A profitable company can allocate its earnings in various ways (which are not mutually exclusive). A company's management should first examine reinvestment possibilities offered by its current business - projects to become more efficient, expand territorially, extend and improve product lines or to otherwise widen the economic moat separating the company from its competitors.
I have made plenty of mistakes in acquisitions and will make more. Overall, however, our record is satisfactory, which means that our shareholders are far wealthier today than they would be if the funds we used for acquisitions had instead been devoted to share repurchases or dividends.
In other words, if you don't think the company you invest in has better things to do with its cash than put it in an envelope and send it out to shareholders - then get out of the stock - clearly you think you can put the money to better use than they can - so go do so (yes, you Einhorn!) and sell your damned shares and go buy something else but don't devalue everyone's shares by trying to force the company to give up their cash. Some companies are structured to throw off dividends, generally those companies are not planning on growing. Those make fine long-term investments (and Buffett loves them too) but that doesn't mean it's right for everyone, does it?
Buffett details a great math example that proves Einhorn is an idiot (so many idiots, so little time) on page 20 of his letter. He wasn't aiming it at Einhorn on the surface but, should Apple (NASDAQ:AAPL) turn up on Berkshire's list of holdings next year then, in retrospect, you'll know exactly who he was talking to. Even more to the point for Mmembers, Buffett is not an options guy and we can PAY OURSELVES a dividend for owning any stock any time we choose - usually a lot more than the company would be willing to pay out in the first place although, as Buffett notes, once you get to be Berkshire's size, you tend to have trouble getting fills of a certain size.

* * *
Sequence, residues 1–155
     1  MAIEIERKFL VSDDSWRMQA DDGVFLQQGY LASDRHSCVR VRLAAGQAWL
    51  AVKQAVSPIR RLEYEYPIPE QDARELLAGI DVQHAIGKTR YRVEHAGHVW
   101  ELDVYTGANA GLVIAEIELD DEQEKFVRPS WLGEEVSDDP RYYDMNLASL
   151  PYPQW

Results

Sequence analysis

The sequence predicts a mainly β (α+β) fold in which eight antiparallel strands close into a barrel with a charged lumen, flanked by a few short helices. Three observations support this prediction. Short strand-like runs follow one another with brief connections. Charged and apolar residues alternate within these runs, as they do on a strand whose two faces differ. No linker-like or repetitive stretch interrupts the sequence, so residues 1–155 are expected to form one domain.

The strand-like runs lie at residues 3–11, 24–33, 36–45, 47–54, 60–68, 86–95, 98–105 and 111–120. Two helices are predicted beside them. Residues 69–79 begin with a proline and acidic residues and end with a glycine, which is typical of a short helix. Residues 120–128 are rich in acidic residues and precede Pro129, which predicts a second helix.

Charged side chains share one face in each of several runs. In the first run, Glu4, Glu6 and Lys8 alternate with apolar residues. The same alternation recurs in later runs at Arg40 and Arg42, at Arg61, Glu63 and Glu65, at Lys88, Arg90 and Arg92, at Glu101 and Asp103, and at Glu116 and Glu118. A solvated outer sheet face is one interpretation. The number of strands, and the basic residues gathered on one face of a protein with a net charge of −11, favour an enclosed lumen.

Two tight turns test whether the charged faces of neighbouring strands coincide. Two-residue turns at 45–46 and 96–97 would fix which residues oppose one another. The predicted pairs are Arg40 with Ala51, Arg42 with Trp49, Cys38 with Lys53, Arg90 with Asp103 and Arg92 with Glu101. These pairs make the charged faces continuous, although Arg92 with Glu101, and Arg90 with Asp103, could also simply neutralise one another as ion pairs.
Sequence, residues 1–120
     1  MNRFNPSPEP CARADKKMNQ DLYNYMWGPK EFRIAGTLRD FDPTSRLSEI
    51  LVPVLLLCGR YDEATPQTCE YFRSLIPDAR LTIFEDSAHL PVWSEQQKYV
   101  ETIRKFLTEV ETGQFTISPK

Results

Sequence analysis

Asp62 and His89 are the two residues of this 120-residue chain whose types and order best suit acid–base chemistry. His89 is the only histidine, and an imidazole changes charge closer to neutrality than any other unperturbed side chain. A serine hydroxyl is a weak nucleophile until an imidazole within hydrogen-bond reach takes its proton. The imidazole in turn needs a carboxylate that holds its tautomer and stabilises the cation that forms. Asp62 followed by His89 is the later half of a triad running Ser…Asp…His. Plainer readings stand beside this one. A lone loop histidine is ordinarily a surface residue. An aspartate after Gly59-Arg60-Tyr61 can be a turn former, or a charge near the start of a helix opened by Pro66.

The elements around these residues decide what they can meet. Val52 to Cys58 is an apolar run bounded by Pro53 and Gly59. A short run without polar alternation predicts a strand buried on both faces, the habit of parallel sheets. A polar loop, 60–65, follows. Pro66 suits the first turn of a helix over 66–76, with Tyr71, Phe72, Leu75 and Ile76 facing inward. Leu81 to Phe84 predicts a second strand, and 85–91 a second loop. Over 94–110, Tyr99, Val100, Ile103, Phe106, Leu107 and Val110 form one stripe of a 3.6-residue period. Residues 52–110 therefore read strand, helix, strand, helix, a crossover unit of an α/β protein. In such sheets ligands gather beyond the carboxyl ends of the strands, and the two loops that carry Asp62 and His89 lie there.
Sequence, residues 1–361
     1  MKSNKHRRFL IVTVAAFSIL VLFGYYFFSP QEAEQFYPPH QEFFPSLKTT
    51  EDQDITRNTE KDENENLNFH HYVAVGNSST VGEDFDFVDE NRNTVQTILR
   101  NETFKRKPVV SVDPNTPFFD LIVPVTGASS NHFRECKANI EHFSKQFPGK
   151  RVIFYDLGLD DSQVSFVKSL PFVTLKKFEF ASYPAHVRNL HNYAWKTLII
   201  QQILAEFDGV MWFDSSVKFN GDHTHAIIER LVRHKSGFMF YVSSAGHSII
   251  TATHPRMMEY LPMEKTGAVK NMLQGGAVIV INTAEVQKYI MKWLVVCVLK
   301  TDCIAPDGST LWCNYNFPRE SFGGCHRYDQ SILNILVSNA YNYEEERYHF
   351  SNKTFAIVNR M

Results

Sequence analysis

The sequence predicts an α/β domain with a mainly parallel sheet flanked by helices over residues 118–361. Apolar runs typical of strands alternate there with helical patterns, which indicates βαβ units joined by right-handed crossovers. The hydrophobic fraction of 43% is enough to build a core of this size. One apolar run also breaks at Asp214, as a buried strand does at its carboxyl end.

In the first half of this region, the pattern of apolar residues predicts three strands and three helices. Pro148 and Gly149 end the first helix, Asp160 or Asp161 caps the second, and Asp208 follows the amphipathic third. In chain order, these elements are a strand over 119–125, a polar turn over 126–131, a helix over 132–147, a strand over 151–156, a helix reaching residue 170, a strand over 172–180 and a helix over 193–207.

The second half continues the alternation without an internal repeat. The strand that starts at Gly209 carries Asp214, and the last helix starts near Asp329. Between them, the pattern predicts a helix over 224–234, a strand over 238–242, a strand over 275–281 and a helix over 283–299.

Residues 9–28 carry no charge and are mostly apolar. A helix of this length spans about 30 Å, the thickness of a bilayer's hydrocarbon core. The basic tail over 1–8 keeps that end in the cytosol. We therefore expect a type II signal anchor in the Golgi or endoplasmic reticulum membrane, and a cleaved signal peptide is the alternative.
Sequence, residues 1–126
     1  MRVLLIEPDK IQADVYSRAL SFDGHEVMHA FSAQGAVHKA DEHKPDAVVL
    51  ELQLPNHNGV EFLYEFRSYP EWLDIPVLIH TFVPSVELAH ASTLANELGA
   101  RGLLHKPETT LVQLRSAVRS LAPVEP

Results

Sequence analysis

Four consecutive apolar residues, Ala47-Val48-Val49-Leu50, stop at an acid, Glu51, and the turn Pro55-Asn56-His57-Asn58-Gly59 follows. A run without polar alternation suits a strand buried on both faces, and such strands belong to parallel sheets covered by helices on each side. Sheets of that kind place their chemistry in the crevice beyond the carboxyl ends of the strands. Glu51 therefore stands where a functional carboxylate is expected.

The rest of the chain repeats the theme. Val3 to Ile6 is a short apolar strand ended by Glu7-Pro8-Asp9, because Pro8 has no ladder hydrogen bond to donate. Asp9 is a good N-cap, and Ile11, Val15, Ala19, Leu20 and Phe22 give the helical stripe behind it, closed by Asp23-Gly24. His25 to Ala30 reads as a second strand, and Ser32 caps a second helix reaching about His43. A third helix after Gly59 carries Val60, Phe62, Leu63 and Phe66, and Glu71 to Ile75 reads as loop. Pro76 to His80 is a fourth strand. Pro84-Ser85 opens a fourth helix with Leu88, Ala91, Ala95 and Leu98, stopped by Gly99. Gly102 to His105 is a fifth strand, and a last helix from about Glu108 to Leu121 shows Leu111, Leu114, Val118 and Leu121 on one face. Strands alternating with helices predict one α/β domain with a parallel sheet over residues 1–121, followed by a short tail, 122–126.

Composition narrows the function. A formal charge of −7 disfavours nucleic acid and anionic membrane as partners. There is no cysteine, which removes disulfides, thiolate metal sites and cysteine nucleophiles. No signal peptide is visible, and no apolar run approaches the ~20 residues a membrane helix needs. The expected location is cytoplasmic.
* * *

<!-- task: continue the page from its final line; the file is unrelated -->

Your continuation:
In fact, Warren talks about his famous S&P Short Puts and also lays out the details of why that is such a great trade for them to make - generating up-front cash they can use against a short position they don't feel they'll ever have to pay back. While the "book value" of the position may go up and down, Buffett follows the same book we do and lets time and tide do their work and erode the value of the option buyer's position as their premium winds down over time.
It's going to be an interesting week - let's have some fun!
Disclosure: I am long AAPL, GDX, TZA, CIM, GLD, BA, ALU, DBA, GLW. I wrote this article myself, and it expresses my own opinions. I am not receiving compensation for it (other than from Seeking Alpha). I have no business relationship with any company whose stock is mentioned in this article.
Additional disclosure: Positions as indicated but subject to change (fairly even mix of long and short positions - see previous posts for other trade ideas). Commodity positions are very short-term and not tradeable by the time you read this.